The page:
Scientists at the Fraunhofer Institute for Laser Technology ILT have come up with a striking new addition to contact stamping technologies in the ERDF research project ScanCut. In collaboration with industry partners from North Rhine-Westphalia, the Aachen-based team of researchers developed a hybrid manufacturing process for the laser cutting of thin-walled metal strips. This new process makes it possible to fabricate even the tiniest details of contact parts in an eco-friendly, high-precision and efficient manner.

Plug connectors are tiny and, at first glance, unremarkable – yet modern vehicles would be unable to function without them. Several thousand plug connectors...

Im Focus: New Strategy Against Osteoporosis

An international research team has found a new approach that may be able to reduce bone loss in osteoporosis and maintain bone health.

Osteoporosis is the most common age-related bone disease which affects hundreds of millions of individuals worldwide. It is estimated that one in three women...

Im Focus: AI & single-cell genomics

New software predicts cell fate

Traditional single-cell sequencing methods help to reveal insights about cellular differences and functions - but they do this with static snapshots only...

Im Focus: TU Graz Researchers synthesize nanoparticles tailored for special applications

“Core-shell” clusters pave the way for new efficient nanomaterials that make catalysts, magnetic and laser sensors or measuring devices for detecting electromagnetic radiation more efficient.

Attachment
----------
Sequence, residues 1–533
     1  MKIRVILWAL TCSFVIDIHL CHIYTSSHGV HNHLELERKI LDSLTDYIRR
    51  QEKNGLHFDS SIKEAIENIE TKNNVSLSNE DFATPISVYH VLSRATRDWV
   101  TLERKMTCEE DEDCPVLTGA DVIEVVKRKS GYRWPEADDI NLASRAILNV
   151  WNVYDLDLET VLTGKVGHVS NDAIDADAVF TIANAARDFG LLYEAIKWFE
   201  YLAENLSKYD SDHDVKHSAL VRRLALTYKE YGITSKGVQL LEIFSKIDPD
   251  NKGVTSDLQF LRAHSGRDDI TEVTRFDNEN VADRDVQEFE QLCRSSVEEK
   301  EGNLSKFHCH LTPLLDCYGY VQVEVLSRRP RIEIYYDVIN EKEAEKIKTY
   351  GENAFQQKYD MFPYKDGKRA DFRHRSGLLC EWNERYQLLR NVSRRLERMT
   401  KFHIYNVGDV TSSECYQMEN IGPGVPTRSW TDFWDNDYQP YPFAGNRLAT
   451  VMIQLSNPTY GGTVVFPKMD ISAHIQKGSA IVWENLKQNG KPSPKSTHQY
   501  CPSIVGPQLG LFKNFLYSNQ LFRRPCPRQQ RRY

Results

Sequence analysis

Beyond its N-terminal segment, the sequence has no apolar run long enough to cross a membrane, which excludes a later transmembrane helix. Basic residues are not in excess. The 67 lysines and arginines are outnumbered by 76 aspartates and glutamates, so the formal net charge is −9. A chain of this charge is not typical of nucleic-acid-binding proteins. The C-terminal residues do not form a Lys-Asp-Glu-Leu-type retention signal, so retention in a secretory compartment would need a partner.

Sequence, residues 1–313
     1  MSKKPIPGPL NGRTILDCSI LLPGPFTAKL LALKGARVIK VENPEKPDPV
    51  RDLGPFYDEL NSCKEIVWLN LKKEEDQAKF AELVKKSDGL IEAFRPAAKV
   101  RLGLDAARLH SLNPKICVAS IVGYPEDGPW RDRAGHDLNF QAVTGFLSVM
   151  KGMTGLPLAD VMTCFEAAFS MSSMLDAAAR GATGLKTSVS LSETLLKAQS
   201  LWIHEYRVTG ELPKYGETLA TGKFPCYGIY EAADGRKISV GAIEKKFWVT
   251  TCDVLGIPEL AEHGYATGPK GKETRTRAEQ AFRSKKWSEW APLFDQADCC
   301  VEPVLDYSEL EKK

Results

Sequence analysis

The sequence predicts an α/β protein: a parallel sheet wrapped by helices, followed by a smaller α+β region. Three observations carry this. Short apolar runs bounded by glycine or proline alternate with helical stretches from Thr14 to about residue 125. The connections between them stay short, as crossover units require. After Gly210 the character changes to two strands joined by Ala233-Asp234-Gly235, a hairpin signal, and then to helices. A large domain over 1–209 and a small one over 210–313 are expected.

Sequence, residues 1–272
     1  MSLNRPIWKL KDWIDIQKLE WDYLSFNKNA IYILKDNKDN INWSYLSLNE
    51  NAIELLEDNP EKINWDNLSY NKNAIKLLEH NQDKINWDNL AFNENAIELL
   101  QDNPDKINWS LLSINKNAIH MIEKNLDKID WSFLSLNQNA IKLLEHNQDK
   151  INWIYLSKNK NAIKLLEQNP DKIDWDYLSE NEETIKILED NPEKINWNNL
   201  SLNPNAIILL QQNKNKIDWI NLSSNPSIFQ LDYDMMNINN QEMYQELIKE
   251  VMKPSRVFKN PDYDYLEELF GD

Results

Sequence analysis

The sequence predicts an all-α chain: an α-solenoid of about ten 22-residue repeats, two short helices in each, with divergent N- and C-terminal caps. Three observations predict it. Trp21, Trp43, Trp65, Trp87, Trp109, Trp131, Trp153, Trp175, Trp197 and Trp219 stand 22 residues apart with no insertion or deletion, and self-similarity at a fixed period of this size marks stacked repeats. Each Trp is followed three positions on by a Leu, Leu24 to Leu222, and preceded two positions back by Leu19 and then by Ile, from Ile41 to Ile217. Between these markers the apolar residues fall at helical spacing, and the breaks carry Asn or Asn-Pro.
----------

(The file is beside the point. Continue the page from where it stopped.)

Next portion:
Whether in innovative high-tech materials, more powerful computer chips, pharmaceuticals or in the field of renewable energies, nanoparticles – smallest...

Im Focus: Tailored light inspired by nature

An international research team with Prof. Cornelia Denz from the Institute of Applied Physics at the University of Münster develop for the first time light fields using caustics that do not change during propagation. With the new method, the physicists cleverly exploit light structures that can be seen in rainbows or when light is transmitted through drinking glasses.

Modern applications as high resolution microsopy or micro- or nanoscale material processing require customized laser beams that do not change during...

All Focus news of the innovation-report >>>

Anzeige

Anzeige

VideoLinks
Industry & Economy
Event News

“Conference on Laser Polishing – LaP 2020”: The final touches for surfaces

23.07.2020 | Event News

Conference radar for cybersecurity

21.07.2020 | Event News

Contact Tracing Apps against COVID-19: German National Academy Leopoldina hosts international virtual panel discussion

07.07.2020 | Event News

 
Latest News

Rare Earth Elements in Norwegian Fjords?

06.08.2020 | Earth Sciences

Anode material for safe batteries with a long cycle life

06.08.2020 | Power and Electrical Engineering

Turning carbon dioxide into liquid fuel

06.08.2020 | Life Sciences

VideoLinks
Science & Research
Overview of more VideoLinks >>>